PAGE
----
8. Facilities include the buildings, space and land owned by an entity. SPPS owns 73 buildings, 7.5 million square feet, and over 500 acres of land.
9. FMP Guiding Documents--vision statement, principles, standards and criteria--reflect the actual experience and aspirations of the people who most use the District's schools and facilities: staff, students, families, community members and partners. These guiding documents were developed by the original FMP Committee to define the framework SPPS uses to determine how facilities should serve the evolving learning needs of students in the District.
- Vision statement which provides an aspirational description of how the district would like it's facilities to serve students, staff, families, community members and partners; the FMP vision statement is:
We envision versatile, equitable, healthy environments that balance the factors creating authentic, engaging, and
personalized learning experiences to sustain our academic mission
and deepen connections to our communities and world.
- Principles are grounded in the overarching belief and commitment to what is important for all SPPS schools to meet the 21st century learning needs of teaching and learning. Examples of facility principles are: SPPS is committed to creating environments that foster personalized learning and collaboration; SPPS is committed to providing facilities that support access for all.
- Standards describe 47 physical characteristics required of all SPPS facilities to provide consistency, value and quality as they are maintained, improved or built. For example, SPPS facility standards define the types of spaces needed in a school such as general and varied learning spaces, technology and studio labs, media centers, spaces for wrap around services, and welcoming and respectful main offices.
- Criteria are the benchmarks used by SPPS to prioritize and schedule facility improvement projects among its buildings and lands. Examples include permanent construction, growth and alignment, quality learning spaces, and identifiable main entries.
10. FMP Planning Factors: Encompasses both quantitative and qualitative data to assess the conditions of facilities to determine the scope of work and budget needed to improve the conditions of facilities. The FMP employed three key studies to assess the conditions of SPPS facilities:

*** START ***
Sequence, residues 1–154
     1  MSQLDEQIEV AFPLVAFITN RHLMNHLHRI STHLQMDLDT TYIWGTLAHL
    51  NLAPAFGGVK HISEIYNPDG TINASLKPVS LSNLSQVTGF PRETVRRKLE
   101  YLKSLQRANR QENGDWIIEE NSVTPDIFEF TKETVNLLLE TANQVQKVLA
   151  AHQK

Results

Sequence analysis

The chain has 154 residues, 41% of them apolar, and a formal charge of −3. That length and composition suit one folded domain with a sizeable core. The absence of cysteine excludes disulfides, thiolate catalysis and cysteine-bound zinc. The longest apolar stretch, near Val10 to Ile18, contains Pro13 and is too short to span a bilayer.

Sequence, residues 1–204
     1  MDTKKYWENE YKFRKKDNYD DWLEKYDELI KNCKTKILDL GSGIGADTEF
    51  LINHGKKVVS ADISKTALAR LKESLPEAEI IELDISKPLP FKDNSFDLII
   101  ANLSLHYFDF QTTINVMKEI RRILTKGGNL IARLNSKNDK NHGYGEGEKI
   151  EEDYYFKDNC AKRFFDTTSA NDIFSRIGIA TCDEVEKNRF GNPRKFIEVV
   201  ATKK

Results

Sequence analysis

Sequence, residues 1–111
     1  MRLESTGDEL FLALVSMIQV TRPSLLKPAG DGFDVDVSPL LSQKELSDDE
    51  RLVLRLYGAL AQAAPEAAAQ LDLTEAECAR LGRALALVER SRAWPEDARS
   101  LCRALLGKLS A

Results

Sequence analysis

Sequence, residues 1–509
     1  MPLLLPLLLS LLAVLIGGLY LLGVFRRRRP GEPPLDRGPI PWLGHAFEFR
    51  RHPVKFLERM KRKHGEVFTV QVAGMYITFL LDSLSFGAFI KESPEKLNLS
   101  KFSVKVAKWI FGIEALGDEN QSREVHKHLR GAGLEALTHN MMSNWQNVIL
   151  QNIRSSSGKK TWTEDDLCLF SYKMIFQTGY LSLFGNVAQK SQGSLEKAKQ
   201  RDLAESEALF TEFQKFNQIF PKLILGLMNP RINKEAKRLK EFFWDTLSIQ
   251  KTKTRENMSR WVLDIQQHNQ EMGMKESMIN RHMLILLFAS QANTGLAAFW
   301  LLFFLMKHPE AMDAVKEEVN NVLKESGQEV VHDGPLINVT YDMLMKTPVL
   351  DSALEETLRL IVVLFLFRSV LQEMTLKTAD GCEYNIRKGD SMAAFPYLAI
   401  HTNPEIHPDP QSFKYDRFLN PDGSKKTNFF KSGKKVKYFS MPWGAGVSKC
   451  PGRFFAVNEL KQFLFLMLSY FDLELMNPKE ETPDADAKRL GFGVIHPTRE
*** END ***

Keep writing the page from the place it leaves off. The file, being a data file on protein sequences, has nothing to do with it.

- Educational Adequacy Assessment (EAA) is the baseline for standards of learning environments needed to adequately support instruction (e.g., audio visual aids, adequacy of electrical outlets, cabinets and white boards).
- Facilities Alignment Assessment (FAA) was implemented to complement the EAA and FCA and measures how well facilities meet the 47 FMP facility Standards; each facility was rated on a scale of 1 to 5 as to how closely it met each of the 47 Standards.
- Facilities Condition Assessment (FCA) is an account of the physical condition of buildings.
- School Pathways are the set of schools that a student will transition to at particular intervals (from elementary school to middle school to high school) based on a particular geographic area (community schools) or particular program focus areas (specialized or magnet programs) such as language immersion, International Baccalaureate, and Career and Technical Education.
11. Space Program quantifies the amount of space a school needs to support its academic needs and provides a way to meet consistent spatial needs across buildings and programs; it is often the first measure in determining if either the enrollment of a school needs to be decreased or if adding space (capacity) should be considered in a building's potential renovations. Space Programming is assessed via a flexible Dynamic Program for District-specific, District-wide equitable measures that translate into a Static Program (fixed enrollment, spaces, and sizes) during a project design process.
12. Work Scopes are preliminary, conceptual plans that outline the breadth and depth of the potential remodeling of a facility. Work scopes are produced during a project’s initial exploratory predesign phase in order to determine the scope of work desired and related costs. Work scopes and preliminary budgets are then adjusted and finalized in the design phase when the facility conditions and parameters are thoroughly assessed such as its plumbing and electrical systems; potential soil contamination that may need to be abated before construction; or the need to safely remove asbestos that may be discovered behind walls or floors.